Wearing a yarmulke and a wide grin, former Gov. Eliot Spitzer stopped by Brooklyn’s Boro Park neighborhood Friday, visiting two businesses and even purchasing prayer books for the Jewish New Year.
Mr. Spitzer met with local leaders for several hours, attempting to peel away coveted Orthodox Jewish votes from his opponent, Manhattan Borough President Scott Stringer, who, like Mr. Spitzer, is Jewish. Though raised in a secular household, Mr. Spitzer made every effort to convey to Jewish voters and the press that he was still in touch with his roots.
“It is in my blood literally, figuratively. My heritage is in the Jewish community,” Mr. Spitzer said on 13th Avenue, Boro Park’s main thoroughfare. “I am not as observant as folks in Boro Park but being Jewish is eminently part of my value structure and what I believe in and why I am in public service.”
Arriving late to his campaign stop where a tight-lipped volunteer was passing out leaflets, Mr. Spitzer went with a small cluster of reporters to a Judaica “superstore” on 50th Street, which sells various religious artifacts like yarmulkes and prayer books. Guiding Mr. Spitzer was Rabbi Shlomo Braun, who, according to an April report in The Jewish Voice, allegedly misappropriated funds for an Israeli charity. But he told Politicker the story was untrue. Mr. Spitzer insisted the rabbi was a “great man.”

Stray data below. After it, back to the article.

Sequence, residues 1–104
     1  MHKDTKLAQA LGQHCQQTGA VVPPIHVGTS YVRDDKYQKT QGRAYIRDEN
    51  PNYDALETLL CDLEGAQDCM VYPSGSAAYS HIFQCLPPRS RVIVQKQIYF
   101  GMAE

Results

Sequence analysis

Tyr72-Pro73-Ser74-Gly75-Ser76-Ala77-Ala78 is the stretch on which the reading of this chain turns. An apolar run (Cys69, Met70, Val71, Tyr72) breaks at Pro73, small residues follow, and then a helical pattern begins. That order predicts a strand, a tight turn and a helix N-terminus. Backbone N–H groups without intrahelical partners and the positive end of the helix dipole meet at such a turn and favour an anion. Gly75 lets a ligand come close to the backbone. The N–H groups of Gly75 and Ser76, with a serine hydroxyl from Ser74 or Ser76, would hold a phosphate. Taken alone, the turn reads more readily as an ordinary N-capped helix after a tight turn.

As for the main question of the day, Rabbi Braun believed that the city’s socially conservative Orthodox Jewish community would indeed forgive Mr. Spitzer for the prostitution scandal that forced him to resign five years ago.
“When push comes to shove, Boro Park communities are enough sophisticated to understand if [you] have qualifications like Eliot Spitzer, compared to the other candidate, [Mr. Spitzer] should be supported,” he said. “I happen to know Scott Stringer way before he became an assemblyman … I just feel Eliot Spitzer is considerably more qualified.”
Many Boro Park residents greeted Mr. Spitzer warmly, though some passersby brushed off a volunteer handing out campaign literature, vowing to never vote for the disgraced pol. One person rushed up to Mr. Spitzer to hand him a scratch off lottery ticket. Mr. Spitzer, a bit perplexed, jokingly offered it to a New York Post reporter, explaining that if it were a winning ticket, the paper could use the potential windfall since “it’s running a deficit.”
The reporter didn’t offer a response.
At Amnon’s Kosher Pizza, Mr. Spitzer glad-handed a little more, meeting the pizzeria’s owners and a supporter, Abe Rubinstein, who, like many, did not know whom the ex-governor was running against. Two children sitting down to eat pizza with their mother and father wanted to know why men and women with cameras and notebooks were flocking to Mr. Spitzer.
“That man is famous,” the mother told her children